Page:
Michigan Gov. Gretchen Whitmer says she expects the U.S. Air Force to comply with strict new state standards while cleaning up toxic fluorochemicals at the former Wurtsmith Air Force Base in Oscoda.
In a Tuesday, Sept. 22 letter, Whitmer urged Air Force leadership to comply with state cleanup laws that were established in July for PFAS chemicals in groundwater.
The new standards are lower than a federal advisory level the military is using as remediation threshold around the country. The Air Force has thus far only committed to evaluating whether to comply with Michigan’s lower PFAS standards for ground and surface water pollution.
“The State of Michigan expects that the Air Force will meet Michigan’s PFAS clean-up standards,” Whitmer wrote in the letter to John Henderson, assistant Air Force secretary overseeing installations, energy and the environment.
In the letter, Whitmer credits the Air Force for showing “renewed efforts” to expand stopgap cleanup measures that local activists have sought for years. In August, Henderson visited Oscoda and outlined plans to intercept PFAS plumes entering Van Etten Lake, where the chemicals are creating a microlayer on the surface that results in toxic beach foam.
The visit was on the invitation of U.S. Rep. Dan Kildee, D-Flint, who has been pushing the Air Force to perform interim cleanup using millions in newly appropriated money while site managers work through a years-long federal remediation process named CERLCA.
“However, it is long past time for the Air Force to commit to an aggressive clean-up plan and engage in extensive interim actions to stop the spread of PFAS contamination at and around Wurtsmith,” Whitmer wrote.
Whitmer’s letter follows Sept. 18 correspondence between the Air Force and the Michigan Department of Environment, Great Lakes and Energy (EGLE) about state cleanup requirements that go by the clunky acronym “ARARs,” (applicable or relevant and appropriate requirements).
Under CERCLA, (the Comprehensive Environmental Response, Compensation, and Liability Act), the military is required to comply with state ARARs at certain stages of site cleanup.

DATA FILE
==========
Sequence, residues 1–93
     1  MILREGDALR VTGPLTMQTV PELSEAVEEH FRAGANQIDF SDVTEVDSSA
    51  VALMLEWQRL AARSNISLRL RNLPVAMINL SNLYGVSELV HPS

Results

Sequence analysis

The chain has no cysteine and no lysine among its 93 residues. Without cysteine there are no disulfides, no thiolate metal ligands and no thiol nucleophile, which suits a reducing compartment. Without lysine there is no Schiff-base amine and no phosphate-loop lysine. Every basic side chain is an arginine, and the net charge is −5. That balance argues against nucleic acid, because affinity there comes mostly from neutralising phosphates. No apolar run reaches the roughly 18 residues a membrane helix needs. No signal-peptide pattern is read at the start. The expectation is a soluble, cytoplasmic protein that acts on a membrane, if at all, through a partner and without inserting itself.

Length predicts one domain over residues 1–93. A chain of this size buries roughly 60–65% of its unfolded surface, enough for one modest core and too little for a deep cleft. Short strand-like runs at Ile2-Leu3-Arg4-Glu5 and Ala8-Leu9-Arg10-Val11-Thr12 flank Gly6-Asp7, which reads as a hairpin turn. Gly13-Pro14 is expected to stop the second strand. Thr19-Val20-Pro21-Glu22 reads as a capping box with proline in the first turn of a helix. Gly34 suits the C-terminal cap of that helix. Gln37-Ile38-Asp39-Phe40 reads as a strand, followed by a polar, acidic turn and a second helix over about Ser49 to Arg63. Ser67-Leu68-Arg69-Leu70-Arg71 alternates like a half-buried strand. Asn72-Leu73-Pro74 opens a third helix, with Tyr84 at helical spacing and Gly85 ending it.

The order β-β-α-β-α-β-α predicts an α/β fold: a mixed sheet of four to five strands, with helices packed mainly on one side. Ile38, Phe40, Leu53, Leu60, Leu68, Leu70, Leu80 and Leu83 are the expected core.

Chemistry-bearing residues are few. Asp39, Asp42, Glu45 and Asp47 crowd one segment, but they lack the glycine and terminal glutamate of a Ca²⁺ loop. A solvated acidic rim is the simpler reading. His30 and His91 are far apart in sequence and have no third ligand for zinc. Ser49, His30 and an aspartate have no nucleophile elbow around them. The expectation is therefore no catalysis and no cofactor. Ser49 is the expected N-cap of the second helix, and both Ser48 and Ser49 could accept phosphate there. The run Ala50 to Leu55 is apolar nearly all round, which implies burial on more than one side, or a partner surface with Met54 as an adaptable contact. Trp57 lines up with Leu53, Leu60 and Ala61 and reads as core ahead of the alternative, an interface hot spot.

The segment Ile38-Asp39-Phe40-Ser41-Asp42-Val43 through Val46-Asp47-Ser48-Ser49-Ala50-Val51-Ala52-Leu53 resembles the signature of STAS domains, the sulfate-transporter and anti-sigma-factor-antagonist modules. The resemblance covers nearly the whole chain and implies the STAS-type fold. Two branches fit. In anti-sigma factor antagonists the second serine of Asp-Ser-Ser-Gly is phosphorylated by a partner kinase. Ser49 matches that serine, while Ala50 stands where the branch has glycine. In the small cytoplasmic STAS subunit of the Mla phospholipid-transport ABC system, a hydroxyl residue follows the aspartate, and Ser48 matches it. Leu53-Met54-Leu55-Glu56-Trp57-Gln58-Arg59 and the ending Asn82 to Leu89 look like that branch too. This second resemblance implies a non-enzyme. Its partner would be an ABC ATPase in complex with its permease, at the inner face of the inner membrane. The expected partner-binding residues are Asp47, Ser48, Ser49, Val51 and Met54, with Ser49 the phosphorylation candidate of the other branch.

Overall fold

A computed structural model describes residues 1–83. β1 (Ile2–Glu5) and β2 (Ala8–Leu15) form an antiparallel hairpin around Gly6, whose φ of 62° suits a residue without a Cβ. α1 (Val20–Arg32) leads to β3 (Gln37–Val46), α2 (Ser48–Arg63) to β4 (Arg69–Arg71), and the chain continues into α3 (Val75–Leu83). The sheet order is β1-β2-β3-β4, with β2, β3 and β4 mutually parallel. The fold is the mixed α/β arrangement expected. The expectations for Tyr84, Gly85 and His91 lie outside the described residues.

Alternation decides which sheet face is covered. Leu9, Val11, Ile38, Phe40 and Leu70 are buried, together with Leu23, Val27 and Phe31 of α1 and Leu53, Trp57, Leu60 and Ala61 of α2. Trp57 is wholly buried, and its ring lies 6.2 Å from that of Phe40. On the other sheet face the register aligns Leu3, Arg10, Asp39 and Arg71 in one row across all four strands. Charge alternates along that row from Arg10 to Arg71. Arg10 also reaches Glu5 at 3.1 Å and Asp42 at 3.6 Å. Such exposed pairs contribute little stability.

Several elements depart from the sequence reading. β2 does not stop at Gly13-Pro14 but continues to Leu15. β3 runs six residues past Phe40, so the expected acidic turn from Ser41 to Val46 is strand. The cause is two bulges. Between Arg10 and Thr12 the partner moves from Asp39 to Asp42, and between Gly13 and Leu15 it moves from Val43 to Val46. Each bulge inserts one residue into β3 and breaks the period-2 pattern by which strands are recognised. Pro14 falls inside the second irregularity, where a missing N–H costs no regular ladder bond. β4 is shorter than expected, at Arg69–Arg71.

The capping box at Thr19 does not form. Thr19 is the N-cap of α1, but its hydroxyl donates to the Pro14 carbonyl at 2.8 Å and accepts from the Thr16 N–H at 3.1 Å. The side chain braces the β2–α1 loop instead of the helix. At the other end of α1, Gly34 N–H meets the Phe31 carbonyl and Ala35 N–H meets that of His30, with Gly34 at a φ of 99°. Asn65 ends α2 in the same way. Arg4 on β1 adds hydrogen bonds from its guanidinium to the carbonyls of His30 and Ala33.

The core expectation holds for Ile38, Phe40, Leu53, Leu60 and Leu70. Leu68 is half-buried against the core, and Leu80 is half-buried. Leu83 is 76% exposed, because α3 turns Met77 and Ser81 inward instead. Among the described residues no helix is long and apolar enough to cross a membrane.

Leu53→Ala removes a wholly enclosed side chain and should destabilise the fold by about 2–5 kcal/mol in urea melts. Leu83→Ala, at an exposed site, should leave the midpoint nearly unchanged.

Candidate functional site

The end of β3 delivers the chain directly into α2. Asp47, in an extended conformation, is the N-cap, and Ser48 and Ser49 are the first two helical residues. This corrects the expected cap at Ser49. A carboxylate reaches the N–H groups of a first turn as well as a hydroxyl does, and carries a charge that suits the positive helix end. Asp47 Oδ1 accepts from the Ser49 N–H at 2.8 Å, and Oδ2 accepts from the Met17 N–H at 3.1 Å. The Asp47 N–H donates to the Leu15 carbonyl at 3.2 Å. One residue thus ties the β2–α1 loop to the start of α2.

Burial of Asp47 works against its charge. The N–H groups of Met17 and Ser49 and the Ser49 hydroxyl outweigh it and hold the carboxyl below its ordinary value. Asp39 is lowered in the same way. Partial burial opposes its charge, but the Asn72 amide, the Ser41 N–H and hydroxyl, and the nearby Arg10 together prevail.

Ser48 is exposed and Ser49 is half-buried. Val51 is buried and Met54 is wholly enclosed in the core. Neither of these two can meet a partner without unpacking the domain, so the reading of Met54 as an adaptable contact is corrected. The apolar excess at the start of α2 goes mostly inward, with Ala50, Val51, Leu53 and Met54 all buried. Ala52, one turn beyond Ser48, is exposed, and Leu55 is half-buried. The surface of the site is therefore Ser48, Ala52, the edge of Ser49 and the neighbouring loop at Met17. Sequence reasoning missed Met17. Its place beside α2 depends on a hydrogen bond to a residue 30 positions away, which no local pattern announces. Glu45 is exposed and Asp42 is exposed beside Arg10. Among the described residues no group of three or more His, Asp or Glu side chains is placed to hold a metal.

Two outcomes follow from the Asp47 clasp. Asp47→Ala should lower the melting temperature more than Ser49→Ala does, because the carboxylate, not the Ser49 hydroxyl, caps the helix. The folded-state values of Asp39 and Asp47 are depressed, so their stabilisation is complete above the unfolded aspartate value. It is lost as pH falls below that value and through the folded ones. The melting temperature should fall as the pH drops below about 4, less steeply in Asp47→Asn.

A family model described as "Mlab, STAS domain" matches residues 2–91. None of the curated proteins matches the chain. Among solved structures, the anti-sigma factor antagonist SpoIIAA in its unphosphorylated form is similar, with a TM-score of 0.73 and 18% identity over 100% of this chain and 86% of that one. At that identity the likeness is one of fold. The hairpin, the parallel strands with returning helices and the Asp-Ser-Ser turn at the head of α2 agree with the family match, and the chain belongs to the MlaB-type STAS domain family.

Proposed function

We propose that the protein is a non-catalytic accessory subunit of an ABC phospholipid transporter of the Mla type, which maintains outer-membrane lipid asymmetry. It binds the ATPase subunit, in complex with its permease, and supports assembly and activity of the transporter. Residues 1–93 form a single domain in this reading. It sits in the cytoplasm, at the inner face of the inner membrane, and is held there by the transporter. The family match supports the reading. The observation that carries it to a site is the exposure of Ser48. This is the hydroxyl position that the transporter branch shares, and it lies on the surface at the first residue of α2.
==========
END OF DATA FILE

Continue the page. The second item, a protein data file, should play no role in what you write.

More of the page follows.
However, the Air Force has balked at committing to Michigan’s PFAS standards, which are among the lowest such requirements in the nation. Site leaders have tried to invoke arguments about federal sovereign immunity from state law during past correspondence.
The ambiguity has led to pending Congressional legislation introduced by U.S. Rep. Elissa Slotkin, D-Holly, who has authored language in the must-pass National Defense Authorization Act (NDAA) that would require the military to use the most stringent applicable standard during site cleanups at places like Wurtsmith or Camp Grayling.
In Michigan, compliance with new state law would entail cleaning up the individual compound PFOA in groundwater to 8 parts-per-trillion (ppt) and the compound PFOS to 16-ppt.
Michigan also has a surface water standard of 14-ppt that was established back in 2014, long before most people were aware of the threat posed by exposure to PFAS chemicals.
That rule was promulgated to guide fish consumption advisories in water bodies around Wurtsmith, which is polluted due to past use of firefighting foam called AFFF.
The Air Force says its cleaning polluted groundwater that’s going through an on-site treatment facility to the 12-ppt level before discharging it to a creek that feeds the Au Sable River.
“I ask that the Air Force carefully review EGLE’s list of ARARs and commit to apply these standards to ensure the clean-up protects public health and the environment,” Whitmer wrote.
Activists say they are encouraged by Whitmer’s letter.
Tony Spaniola, an attorney and leading PFAS activist in Michigan who owns a home on Van Etten Lake across from the base, said he’s pleased that Whitmer has “entered the fight and thrown the weight of her office behind our cause in Oscoda.”
Spaniola said Whitmer visited Oscoda and spoke to pollution activists in 2018 during her campaign for governor.
“We look forward to working with her and our champions in Congress to hold the Air Force’s feet to the fire,” he said. “There’s a long way to go, but this is a step in the right direction.”
Jennifer Hill, associate director at the National Wildlife Federation’s Great Lakes center, said the governor should take the “next logical step” by “utilizing her authority under the National Defense Authorization Act to require the Department of Defense to comply with Michigan’s clean-up standards for PFAS at Wurtsmith.”
“The longer the Department of Defense waits, the more costly the solutions and adverse the impacts will be on the people and wildlife living in and around Oscoda,” Hill wrote.
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